Anne looked up at Arem as the elf pointed at one of the robed cultists. In the shining armor, Arem truly looked like something out of Lord of the Rings. Except the whole being aligned with the forces of evil. The biggest of the ten orcs nodded at Arem’s unspoken command and grunted. The eight-foot tall creature pulled drew a spear and hurtled it at the cultist. The man stumbled out of the way as the heavy spear thunked into the earth next to him. Anne cursed, but then she noticed that the pressure on her mind was gone. She could feel the streams of wild magic dancing around her. Anne looked over to the black-eyes and saw that they were all looking around dumbfounded. Even better, Sam and Jason were standing back up.
Anne felt her resevoir of power and tugged at it hard to force the streams of earth, air, heat, and dark into the binding she’d seen Veronica draw once during their lessons. It wasn’t delicate, but Anne drew even more power to brute force the binding. Satisfied, she slung the spell at the black-eyes. The dust particles in the air around the black-eyes were suddenly bound together into small pea-sized pellets that glowed with intense heat before raining down on the black-eyes. They screamed in pain as the super-heated pellets punched through them. Whatever had been holding them together broke. Maybe half of them ran into the woods screaming in pain. The rest were laying on the grass, dead or badly injured. Anne fell to her knees gasping for breath. She felt Veronica’s hand on her arm.
“Should have warned you that the link between us was two-way,” Veronica said weakly. The small woman looked like she had just ran a full marathon. Anne started to apologize, but Veronica just shook her head. “Give me a minute, and I’ll be functional. Especially without those bastards in my head.”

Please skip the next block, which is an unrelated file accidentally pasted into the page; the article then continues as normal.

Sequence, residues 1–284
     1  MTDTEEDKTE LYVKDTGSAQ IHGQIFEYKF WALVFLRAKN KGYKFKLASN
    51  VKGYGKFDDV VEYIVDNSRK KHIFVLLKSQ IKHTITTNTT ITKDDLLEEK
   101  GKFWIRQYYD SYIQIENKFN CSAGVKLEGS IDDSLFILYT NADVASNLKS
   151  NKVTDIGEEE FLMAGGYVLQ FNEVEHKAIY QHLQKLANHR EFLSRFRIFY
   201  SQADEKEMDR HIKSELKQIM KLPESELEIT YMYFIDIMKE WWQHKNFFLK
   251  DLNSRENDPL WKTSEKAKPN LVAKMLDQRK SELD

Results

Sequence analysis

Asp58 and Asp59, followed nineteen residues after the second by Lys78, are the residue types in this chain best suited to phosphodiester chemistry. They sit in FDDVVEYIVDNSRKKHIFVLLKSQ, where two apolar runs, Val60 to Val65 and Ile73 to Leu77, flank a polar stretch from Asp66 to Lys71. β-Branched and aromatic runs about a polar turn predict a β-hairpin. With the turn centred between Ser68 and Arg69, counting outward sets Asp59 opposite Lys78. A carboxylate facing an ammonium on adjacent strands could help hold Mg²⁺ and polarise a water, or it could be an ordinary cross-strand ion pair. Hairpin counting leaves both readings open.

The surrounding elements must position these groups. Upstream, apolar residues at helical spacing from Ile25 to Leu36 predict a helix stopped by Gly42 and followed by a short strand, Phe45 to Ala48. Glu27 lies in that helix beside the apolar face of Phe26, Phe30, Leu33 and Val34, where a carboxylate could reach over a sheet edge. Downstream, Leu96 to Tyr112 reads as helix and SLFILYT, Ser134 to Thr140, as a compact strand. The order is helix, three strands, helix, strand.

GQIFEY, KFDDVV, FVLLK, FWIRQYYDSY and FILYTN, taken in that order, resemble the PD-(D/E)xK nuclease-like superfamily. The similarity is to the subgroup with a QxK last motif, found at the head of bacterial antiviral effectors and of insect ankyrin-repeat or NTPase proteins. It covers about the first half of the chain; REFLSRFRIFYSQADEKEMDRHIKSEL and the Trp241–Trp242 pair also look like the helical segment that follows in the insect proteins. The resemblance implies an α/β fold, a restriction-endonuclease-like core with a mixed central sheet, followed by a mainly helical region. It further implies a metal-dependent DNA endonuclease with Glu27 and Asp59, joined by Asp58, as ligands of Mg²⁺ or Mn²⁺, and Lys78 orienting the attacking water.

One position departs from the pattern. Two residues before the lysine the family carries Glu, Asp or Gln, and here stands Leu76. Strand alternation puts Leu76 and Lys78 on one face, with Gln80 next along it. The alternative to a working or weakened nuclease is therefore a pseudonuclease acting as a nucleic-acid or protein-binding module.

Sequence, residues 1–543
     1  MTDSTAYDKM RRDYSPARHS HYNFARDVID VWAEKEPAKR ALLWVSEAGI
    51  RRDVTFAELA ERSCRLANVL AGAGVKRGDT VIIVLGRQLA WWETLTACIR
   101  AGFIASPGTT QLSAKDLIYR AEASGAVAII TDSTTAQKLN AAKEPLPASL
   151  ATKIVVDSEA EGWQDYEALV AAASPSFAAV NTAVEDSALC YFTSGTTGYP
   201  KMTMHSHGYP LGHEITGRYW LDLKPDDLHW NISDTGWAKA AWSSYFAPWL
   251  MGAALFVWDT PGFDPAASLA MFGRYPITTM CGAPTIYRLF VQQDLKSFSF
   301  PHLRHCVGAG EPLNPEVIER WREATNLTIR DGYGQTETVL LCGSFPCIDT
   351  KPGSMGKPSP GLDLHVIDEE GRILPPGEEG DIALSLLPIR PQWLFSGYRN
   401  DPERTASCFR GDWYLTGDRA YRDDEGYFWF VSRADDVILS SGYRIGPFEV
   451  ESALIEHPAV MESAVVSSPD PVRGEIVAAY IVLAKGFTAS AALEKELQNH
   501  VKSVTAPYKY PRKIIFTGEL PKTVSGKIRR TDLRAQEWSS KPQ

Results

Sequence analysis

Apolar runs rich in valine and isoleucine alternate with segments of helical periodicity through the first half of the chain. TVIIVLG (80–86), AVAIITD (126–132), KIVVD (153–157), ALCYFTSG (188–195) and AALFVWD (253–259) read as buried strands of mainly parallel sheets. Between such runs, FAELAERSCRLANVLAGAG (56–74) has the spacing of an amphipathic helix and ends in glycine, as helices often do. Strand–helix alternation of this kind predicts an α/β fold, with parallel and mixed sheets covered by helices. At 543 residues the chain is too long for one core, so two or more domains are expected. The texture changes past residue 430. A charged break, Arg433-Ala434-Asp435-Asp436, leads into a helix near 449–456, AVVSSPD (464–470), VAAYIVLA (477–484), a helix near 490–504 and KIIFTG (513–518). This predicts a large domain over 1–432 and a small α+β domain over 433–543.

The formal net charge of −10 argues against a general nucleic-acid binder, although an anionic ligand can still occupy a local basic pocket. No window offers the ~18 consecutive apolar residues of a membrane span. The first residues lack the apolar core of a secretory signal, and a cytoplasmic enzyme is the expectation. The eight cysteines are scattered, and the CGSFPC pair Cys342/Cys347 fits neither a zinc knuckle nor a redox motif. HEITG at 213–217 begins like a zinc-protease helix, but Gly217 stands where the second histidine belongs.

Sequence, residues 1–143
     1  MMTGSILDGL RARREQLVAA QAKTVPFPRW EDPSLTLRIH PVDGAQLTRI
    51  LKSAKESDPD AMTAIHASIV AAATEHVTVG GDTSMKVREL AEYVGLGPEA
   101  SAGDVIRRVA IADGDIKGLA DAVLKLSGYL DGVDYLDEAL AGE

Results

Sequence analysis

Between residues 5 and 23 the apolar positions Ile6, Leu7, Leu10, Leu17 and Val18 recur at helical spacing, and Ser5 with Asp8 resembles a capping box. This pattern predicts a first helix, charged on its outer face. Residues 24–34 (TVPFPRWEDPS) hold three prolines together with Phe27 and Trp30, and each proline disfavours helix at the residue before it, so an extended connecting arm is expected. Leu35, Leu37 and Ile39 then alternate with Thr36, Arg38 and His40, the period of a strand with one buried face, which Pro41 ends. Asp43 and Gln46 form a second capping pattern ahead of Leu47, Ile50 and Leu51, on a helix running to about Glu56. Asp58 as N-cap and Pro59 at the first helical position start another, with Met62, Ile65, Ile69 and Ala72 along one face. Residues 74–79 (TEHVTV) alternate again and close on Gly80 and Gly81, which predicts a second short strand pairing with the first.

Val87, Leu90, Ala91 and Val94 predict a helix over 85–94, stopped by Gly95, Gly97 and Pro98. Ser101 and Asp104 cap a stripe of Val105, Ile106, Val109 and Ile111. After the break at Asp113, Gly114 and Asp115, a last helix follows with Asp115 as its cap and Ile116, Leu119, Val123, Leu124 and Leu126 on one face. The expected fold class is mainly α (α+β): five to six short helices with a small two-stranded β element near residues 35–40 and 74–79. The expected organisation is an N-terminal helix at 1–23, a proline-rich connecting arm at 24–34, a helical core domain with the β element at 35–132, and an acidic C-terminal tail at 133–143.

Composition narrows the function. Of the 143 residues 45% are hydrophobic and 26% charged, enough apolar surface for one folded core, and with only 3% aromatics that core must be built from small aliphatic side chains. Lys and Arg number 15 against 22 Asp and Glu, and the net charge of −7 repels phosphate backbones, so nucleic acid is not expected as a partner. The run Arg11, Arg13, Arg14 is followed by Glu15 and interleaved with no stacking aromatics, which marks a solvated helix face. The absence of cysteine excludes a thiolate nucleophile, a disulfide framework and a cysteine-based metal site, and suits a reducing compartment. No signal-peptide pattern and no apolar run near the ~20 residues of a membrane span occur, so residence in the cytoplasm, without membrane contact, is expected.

“That was a very interesting binding,” Arem said, standing over them. “I didn’t think anyone could do that on this side of the gate.” Arem looked like he wanted to say more, but Jason appeared out of nowhere and fired a burst into the elf. Arem grunted as the bullets tore through his armor, but he didn’t go down. Instead, he moved with an unbearably fluid grace and slapped Jason’s head with the flat of his blade. The agent went down in a heap.
“You’d best see to your menfolk,” Arem said, through gritted teeth. “One of them is badly injured, and I’m not talking about this one.” He pointed his sword at Jason’s unconscious form. Arem whipped his hand up and a gate appeared. The orcs quickly bundled through the gate before Arem strode through. Anne blinked away as the gate shut.
“Help me,” Samantha said to Anne, lifting up Veronica. The sorceress looked annoyed she needed the assistance. “I can’t hear Joseph’s thoughts. We need to go find him.” As the three women started hobbling over, the darkness was broken by the shining light from Erik’s sword. Samantha swore and pushed the trio faster.
The sudden appearance of the orcs gave Erik and Kurt a chance to pull their injured comrade away from the monstrosity trying to kill Joseph. Erik had seen enough combat to know Joseph’s injuries were far beyond his meager skills. Maybe if Veronica were here, she could sling a spell that might save the young man’s life.